The 11th Vodafone Innovation Days were held in the Düsseldorf Vodafone Innovation Park the 9th to 12th of November 2015 (Fig. 1). External companies and internal employees were invited to learn about innovative LTE applications in specialist presentations, laboratory tours and several show cases. Our Galileo Online: GO! consortium was also present at that event. Firstly, we gave an overview about our project at a presentation booth, secondly, we used that opportunity to present the current status of our project related to communication, localisation and autonomisation in a show case.
The show case’s objective was to illustrade the essentiality of high-precision, reliable position and route information for the operation of autonomous vehicles. The fusion of GNSS and inertial (IMU) sensor data meets these requirements. As a proof, the RWTH Aachen University mobile testing platform (Buggy; Fig. 2) was developed as a show case within the scope of the GO! project. Subsequently, it was introduced to a larger audience at the Vodafone Innovation Days. The technical realisation of that show case was done by RWTH Aachen University, Vodafone and SCISYS Germany GmbH.
The GO! show case took place at a near parking deck which was separeted during the Innovation Days for several show cases. The visitors were excited about the Buggy test runs which were broadcasted via live video stream to the 18th floor of the Vodafone tower as well as about the impressive view to the parking deck from the windows. The show case demonstrated an autonomously driving Buggy equipped with a satellite navigation system. Buggy’s task was to follow a predefined route based on sensor fusion algorithms. The live video stream and an immediate data evaluation via a central server during the show case emphasised the current and future possibilities of network and communication technologies.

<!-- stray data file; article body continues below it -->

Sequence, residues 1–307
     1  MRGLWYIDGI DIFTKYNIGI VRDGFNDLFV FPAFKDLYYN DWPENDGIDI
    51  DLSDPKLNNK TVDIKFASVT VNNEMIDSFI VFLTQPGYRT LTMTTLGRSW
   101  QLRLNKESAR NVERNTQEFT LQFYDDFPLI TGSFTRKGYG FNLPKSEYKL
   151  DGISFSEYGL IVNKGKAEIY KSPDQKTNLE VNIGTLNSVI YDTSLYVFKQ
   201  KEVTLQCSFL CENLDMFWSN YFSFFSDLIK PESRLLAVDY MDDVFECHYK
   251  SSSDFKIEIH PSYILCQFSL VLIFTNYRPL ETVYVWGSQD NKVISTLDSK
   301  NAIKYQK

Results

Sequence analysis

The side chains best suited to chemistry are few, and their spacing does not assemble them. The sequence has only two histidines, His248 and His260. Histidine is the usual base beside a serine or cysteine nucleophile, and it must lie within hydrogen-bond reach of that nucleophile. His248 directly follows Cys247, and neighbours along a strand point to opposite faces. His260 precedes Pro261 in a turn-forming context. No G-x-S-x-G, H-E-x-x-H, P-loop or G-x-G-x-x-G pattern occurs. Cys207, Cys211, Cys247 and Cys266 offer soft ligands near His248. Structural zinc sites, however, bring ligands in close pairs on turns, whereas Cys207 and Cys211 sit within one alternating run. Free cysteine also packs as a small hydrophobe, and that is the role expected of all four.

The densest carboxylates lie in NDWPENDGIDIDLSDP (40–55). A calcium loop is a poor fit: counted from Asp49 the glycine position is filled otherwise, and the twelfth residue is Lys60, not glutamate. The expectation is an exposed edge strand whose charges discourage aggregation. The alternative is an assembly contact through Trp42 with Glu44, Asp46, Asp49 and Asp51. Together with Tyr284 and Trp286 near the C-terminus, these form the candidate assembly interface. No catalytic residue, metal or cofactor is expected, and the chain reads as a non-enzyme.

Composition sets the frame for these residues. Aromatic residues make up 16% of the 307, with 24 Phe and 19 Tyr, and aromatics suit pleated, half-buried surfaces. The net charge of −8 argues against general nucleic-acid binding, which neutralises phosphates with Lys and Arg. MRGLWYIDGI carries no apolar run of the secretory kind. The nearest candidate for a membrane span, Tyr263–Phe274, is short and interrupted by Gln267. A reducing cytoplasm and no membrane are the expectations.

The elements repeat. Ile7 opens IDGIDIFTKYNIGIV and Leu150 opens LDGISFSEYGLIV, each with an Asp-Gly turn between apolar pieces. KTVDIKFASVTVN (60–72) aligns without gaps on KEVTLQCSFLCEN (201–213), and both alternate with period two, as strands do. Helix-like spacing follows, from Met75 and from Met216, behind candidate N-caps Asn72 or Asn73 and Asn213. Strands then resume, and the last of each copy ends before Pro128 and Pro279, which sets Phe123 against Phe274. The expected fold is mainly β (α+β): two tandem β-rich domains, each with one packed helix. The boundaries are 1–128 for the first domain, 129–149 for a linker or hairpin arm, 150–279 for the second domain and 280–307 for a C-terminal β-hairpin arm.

In preparation for the show case, the buggy was driven remotely beforehand through a predefined, marked-out course. Inside the course, the buggy had to circumnavigate some traffic cones in slalom and to return to its starting point in a wide turn. The route was surveyed by a high-precision geodetic satellite navigation receiver. Then, the measured data were integrated into an open street map and were available to the buggy during its autonomous drive as a reference or target route, respectively. By integrating current satellite data and using automatic control, the buggy followed the predefined route autonomously. In addition, the drives were recorded by two cameras. The ego perspective as well as the perspective from the parking deck was streamed live to a screen on the Vodafone tower’s 18th floor. Apart from the video data, the position data, map data and deviation from the pre-defined target route were shown on the Screen (Fig. 3). This demonstrated an overall deviation of less than 30 cm compared to the pre-defined route. There was only one outlier in the rear corner of the course due to a partial loss of satellite reception.